Game Review: It Takes Two

The newest couch co-op from Hazelight studios takes an unusual turn as its main characters turn into Claymation for a fun filled adventure.

The tale of May and Cody begins with a rather bleak revelation, telling their child Rose that they will be getting a divorce. With a few salty tears the pair are turned by magic into toy versions of themselves, confined to their fate until the will of a rather obnoxious book of love is satisfied. The story is a simple but effective package for the gameplay, setting and toy characters. The small amount of real world cut scenes are oddly the weakest part of the entire thing, particularly Rose who seems overly twee. As soon as the real world drops away the developers and artists find endless potential in the art and gameplay. There is a visible passion and joy in the world they create which sustains something unique and brilliant.

The visual quality of the entire game is impressively slick. It is marketed as a next gen release but that has been a phrase surprisingly lacking in meaning in other games recently. It is fairly cartoonish in style but with the 4K textures it looks clean and Disney movie quality. The blend from cut scenes to game play is completely seamless, an impressive feat given some of the grand vistas and situations you find yourself in. Each segment of the adventure remains so determinedly fresh and visually different there is no fatigue in level design. We often found ourselves pausing to happily explore weird parts of the map, interacting with objects to see where the world’s boundaries are. There is always more to do that you would think as the world has a life of its own in many ways. The scale of what the artists reach for is breathtakingly beautiful and keeps you forgetting the game is designed around a suburban house. It is hard to pick just one scene as an example but the inside of the old clock is stunning, the shading, colours and the depth of world’s design show no corners were cut from the artists’ intent.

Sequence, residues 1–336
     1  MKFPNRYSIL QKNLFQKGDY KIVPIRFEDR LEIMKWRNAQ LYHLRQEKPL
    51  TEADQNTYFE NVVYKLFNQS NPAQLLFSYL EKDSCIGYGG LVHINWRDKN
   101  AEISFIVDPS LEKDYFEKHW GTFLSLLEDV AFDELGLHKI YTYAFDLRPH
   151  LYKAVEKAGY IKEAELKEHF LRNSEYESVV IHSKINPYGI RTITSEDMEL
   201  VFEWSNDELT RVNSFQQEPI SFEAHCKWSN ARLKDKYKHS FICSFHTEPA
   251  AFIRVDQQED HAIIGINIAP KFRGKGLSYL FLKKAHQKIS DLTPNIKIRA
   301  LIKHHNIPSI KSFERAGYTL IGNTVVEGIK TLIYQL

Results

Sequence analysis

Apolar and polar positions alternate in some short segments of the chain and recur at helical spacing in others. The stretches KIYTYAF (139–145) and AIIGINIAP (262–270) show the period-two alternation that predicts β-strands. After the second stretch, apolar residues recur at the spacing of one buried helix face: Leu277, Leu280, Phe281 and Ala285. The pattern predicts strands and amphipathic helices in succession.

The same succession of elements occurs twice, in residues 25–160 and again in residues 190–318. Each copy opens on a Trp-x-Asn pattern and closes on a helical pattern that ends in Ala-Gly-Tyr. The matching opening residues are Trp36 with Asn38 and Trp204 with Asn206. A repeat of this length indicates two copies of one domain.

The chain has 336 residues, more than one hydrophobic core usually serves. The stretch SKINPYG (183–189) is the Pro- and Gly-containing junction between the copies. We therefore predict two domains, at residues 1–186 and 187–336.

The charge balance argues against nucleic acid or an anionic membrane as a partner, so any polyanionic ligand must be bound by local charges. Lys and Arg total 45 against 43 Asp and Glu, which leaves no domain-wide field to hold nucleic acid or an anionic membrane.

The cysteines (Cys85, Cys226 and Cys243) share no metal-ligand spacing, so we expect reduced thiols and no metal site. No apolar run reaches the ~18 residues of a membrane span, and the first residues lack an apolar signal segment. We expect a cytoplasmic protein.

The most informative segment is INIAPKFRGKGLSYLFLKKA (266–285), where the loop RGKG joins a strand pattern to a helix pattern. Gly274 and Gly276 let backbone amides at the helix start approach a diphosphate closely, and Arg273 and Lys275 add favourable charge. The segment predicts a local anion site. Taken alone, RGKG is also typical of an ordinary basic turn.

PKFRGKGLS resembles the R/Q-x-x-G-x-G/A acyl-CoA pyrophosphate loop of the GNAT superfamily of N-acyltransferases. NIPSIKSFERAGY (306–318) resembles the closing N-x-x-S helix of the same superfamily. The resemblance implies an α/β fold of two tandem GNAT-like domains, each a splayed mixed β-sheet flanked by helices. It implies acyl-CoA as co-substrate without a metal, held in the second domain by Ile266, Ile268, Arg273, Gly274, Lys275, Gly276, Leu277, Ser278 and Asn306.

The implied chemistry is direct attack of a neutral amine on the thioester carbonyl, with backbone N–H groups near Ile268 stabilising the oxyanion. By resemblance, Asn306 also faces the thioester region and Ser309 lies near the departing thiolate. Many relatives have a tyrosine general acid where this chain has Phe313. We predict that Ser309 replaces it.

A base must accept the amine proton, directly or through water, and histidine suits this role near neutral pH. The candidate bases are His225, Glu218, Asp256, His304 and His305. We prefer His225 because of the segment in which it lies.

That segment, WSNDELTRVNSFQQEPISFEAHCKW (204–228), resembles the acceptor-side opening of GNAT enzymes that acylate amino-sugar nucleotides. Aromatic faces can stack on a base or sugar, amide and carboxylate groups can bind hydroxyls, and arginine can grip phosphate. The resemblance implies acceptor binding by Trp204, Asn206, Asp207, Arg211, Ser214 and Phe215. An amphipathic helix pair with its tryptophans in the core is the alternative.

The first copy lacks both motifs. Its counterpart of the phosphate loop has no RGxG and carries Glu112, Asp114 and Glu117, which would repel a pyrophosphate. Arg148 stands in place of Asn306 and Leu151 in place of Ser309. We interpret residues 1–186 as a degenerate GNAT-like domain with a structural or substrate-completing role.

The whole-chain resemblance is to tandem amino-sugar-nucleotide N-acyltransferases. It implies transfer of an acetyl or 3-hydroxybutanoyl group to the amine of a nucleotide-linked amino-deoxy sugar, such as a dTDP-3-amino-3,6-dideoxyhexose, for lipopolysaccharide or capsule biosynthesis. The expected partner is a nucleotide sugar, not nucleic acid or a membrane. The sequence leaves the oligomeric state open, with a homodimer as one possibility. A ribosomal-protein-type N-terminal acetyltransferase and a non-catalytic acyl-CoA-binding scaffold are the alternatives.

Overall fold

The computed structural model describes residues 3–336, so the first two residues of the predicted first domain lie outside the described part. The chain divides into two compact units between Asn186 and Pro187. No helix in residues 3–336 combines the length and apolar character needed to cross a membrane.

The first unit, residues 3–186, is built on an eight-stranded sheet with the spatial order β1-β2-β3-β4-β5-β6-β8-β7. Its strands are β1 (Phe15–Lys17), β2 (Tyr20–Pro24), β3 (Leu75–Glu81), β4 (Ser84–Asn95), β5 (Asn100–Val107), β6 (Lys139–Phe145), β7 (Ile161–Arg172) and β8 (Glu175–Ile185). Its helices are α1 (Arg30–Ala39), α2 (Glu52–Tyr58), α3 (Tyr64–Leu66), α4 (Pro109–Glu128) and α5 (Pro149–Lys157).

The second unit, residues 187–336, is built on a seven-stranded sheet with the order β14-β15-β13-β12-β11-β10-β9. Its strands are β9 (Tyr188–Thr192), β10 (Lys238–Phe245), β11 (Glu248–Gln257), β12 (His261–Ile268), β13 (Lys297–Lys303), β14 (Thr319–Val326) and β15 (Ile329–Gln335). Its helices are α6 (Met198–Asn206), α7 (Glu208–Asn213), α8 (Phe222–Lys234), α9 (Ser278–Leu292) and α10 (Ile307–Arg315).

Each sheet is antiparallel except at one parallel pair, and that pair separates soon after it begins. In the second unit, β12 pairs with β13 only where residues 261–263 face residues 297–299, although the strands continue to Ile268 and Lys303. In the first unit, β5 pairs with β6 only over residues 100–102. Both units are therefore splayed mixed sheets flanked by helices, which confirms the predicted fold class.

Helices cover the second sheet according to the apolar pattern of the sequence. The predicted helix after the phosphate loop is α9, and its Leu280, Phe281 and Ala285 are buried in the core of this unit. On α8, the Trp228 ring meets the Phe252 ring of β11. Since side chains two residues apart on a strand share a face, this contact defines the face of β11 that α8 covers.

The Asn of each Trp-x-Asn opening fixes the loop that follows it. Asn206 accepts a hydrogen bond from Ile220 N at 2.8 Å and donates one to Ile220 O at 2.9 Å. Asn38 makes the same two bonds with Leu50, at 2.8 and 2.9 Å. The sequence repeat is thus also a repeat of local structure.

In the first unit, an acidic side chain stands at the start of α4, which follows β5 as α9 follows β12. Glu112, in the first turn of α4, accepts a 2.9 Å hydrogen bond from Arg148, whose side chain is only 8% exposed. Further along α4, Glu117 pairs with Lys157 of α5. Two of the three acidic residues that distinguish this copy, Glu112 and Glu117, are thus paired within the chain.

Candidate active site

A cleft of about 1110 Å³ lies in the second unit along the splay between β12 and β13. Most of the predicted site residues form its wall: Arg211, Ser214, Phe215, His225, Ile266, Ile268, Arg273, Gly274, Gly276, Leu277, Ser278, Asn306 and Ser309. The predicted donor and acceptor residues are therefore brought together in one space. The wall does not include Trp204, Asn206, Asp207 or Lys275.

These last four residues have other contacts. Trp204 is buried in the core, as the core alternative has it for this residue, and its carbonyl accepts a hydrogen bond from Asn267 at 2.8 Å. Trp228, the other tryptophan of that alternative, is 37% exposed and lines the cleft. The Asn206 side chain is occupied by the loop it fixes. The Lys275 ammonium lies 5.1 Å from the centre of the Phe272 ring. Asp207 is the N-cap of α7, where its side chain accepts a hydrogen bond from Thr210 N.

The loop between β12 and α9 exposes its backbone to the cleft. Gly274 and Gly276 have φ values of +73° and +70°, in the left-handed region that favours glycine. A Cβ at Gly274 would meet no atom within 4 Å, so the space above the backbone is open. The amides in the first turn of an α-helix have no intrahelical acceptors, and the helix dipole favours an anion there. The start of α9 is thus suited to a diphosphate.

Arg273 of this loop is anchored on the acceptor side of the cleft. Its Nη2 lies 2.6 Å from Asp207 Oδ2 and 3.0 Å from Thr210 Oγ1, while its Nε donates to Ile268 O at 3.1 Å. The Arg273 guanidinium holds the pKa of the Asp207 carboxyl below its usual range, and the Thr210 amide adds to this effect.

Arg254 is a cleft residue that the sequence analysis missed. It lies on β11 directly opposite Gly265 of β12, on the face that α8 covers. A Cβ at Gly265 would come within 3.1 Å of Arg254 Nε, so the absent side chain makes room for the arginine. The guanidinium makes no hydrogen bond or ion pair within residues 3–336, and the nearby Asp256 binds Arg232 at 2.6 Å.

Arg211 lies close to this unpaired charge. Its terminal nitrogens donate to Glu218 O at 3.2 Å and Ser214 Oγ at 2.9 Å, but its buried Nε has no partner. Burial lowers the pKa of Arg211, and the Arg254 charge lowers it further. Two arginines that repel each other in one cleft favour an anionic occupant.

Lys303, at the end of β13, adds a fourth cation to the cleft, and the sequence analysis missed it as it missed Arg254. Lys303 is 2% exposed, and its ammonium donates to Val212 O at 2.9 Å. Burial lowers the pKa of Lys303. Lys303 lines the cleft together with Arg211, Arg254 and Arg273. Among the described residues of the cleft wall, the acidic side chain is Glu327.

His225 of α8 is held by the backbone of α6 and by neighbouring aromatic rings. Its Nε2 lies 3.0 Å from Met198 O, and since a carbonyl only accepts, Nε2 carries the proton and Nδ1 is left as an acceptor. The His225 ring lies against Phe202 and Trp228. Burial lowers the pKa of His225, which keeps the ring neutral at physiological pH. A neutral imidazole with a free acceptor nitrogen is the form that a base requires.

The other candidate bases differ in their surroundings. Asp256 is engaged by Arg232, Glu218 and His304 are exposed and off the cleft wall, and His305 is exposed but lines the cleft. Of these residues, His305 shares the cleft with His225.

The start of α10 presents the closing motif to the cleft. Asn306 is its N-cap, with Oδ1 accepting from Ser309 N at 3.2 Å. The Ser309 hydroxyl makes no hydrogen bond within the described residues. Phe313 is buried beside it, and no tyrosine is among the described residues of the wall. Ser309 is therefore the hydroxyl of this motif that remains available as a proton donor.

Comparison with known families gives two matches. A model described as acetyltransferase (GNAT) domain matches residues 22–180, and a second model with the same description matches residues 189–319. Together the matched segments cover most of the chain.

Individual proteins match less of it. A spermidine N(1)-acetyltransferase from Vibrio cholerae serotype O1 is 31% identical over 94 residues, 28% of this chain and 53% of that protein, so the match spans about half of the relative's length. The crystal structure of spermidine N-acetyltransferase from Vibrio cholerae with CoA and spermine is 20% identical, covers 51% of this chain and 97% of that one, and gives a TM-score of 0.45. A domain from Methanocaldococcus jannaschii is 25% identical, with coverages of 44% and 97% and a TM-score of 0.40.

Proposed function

The traversal mechanics for the huge area you cover are perfectly honed, there may be puzzles to solve to progress but the wayfinding is a breeze. It is fast as lightning and with no frame rate drops on either Xbox One X or Series S. To put this into perspective, playing Destiny 2 afterwards feels clunky! What makes the control system even more impressive is the fact that you change movement style and attack styles pretty much every 20 minutes. Even within one level you might go from flying to riding beetles to magnet swings and it rarely repeats. Just moving is enjoyable and exciting, something very few games have managed in my opinion.

Level design and enemy types all come with their own flavour and unique route to success. It might take a few respawns to work it out but it feels satisfying to progress. The emphasis always remains on fun and there is no difficulty increase toward the end of the game, it spikes around bosses but there is a natural ebb and flow. The characters you meet drive the game forward and are wonderfully weird, the unexpected is a benchmark that never changes. Fighting with militant squirrels was certainly a stand out moment, the voice actors fully commit and the world entirely supports what is going on.

Playing over the Easter weekend as a social activity was thoroughly enriching. Taking the time to share an experience that creates such a positive vibe is always valuable. The timing of this game’s release couldn’t be better and hopefully holds a spotlight to the fact that couch co-op still has huge value. The polished issue free release is a big middle finger to most of the industry which seems to have forgotten what that looks like even before 2020. This is a must play and Hazelight Studios is going from strength to strength as it grows! Time to rediscover your inner child and sense of wonder.





Author: Joe, Bath store